This article was originally published on BLAC Detroit.

They stick out like two raisins in ex-President Donald Trump’s Fulton County Jail Oatmeal.  Harrison William Prescott Floyd and Trevian Kutti – the only two Black people charged along with 17 others in an 98-page indictment brought by Georgia’s Fulton County District Attorney Fani Willis in Atlanta recently.

In fact, the pair seem to have the dubious distinction of being the only Blacks caught up in the now quadruple indicted ex-president’s alleged crime spree in three states (Florida, Georgia, New York) and the nation’s capital. Except for a couple of Hispanic folks mired in Flordia’s Mar-a-Lago alleged stolen secrets documents case, everybody else looking for a good criminal defense attorney in Trump land these days appears to be non-Hispanic White.

What does Floyd and Kutti’s precarious position before the court say about Black America? A lot. We live in age where racism disguised as education reform rewrites American history to teach the benefits of slavery for the enslaved. We bear witness to Black people being murdered in mass shootings by semi-automatic, gun toting White nationalists looking to start a race war by targeting people grocery shopping or stopping in the Dollar store.

Hard won advances in civil rights designed to give Black Americans an equal shot, just a shot, at the American dream got scrapped by the U.S. Supreme Court. Affirmative Action gone. The Voting Rights Act gutted. Don’t even talk about Critical Race Theory (CRT) – the study of how laws and public policy created to enforce first slavery, then racial segregation and their lingering effects in society today is being attacked across the country.


The Irony and Shame of it all

Ironically, all these setbacks happen after America elects the first Black President with Barack Obama and now Vice President with Kamala Harris. Their ascension to the highest offices in the land signals racial progress. So does the appointment of Ketanji Brown Jackson as the first Black woman on U.S. Supreme Court. That we are still counting first Blacks at all in the 21st Century is troublesome. Still progress is progress.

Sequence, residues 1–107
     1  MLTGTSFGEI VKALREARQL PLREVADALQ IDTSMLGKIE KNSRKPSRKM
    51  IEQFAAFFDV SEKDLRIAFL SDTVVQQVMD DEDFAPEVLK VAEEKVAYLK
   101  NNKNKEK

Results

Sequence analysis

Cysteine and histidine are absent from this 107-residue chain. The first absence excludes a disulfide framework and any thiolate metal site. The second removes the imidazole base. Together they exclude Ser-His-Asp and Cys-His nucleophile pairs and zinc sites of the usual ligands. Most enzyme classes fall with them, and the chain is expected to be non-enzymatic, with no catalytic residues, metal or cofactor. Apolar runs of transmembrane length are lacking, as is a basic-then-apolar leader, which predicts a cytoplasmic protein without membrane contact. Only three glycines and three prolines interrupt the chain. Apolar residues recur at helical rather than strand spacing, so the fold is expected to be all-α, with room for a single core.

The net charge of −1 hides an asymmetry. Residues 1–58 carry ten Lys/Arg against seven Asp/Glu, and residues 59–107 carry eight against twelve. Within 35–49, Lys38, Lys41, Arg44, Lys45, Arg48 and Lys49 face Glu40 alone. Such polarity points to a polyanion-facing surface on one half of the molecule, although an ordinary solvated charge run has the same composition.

Now comes center stage at this moment in African American history – The Two: Floyd and Kutti. By all accounts they rise as accomplished examples of what we as Black Americans can achieve when we do right. Go to school, get an education, start a business and make your way in the world. Kutti is known as a publicist and businesswoman, having represented musical super stars R. Kelly and Ye aka Kanya West. Floyd reportedly served as a U.S. Marine and started a national political organization. Both reportedly graduated from college. Ah yes, they represent in many respects, the dream of success imagined on the long road to freedom for African Americans by the ancestors.

Even so, success comes with a price. Everyone endures personal struggles just to get ahead. And today, after all Floyd and Kutti must have struggled to achieve in their lives, they stand before the people of Georgia and America as defendants in an alleged racketeering criminal conspiracy to overturn a free and fair election – in Atlanta, the heart of Black America, the center of Historically Black Colleges, the root of Black struggle and the symbol of Black achievement. Culturally, it just doesn’t get much Blacker than Atlanta anywhere in America.

The irony and shame of the situation the Black defendants find themselves in as co-defendants with Trump in Atlanta is as thick as U.S. Supreme Court Justice Thomas, a Black man himself who benefitted from Affirmative Action policies to get his education, weighing in to dismantle it for those who come behind him.

This is the part of the criminal proceedings to watch. What is going to happen to the two Black defendants, bit players in a national drama unfolding in the shadow of a presidential election, surrounded by an all-White cast of alleged co-conspirators; many of great means and influence? White privilege is a well-known benefit in society – even when facing criminal prosecution. Republicans at the state and federal level are already working to bring pressure to bear on the case.

Yes, all 19 indicted co-defendants are presumed innocent of the charges until proven guilty. Still, few would be surprised if Trump and his well-heeled co-defendants wiggled their way out of this situation, while the not so heeled, not so privileged don’t fare as well.

Of course, only time will tell. The symbol of Lady Justice as a woman blindfolded is supposed to mean justice is served equally regardless of wealth, power or social status. Let’s see if that rings true here and Lady Justice eats all of Trump’s Fulton County Jail Oatmeal or simply plucks out the raisins to snack on and pours out the rest out all over America.

*Greg Bowens is a National Contributing Columnist for Blac Media based in metro Detroit. He’s also a public/media relations professional, political consultant, civil rights activist, co-founder and past president of the Grosse Pointes-Harper Woods NAACP Branch.

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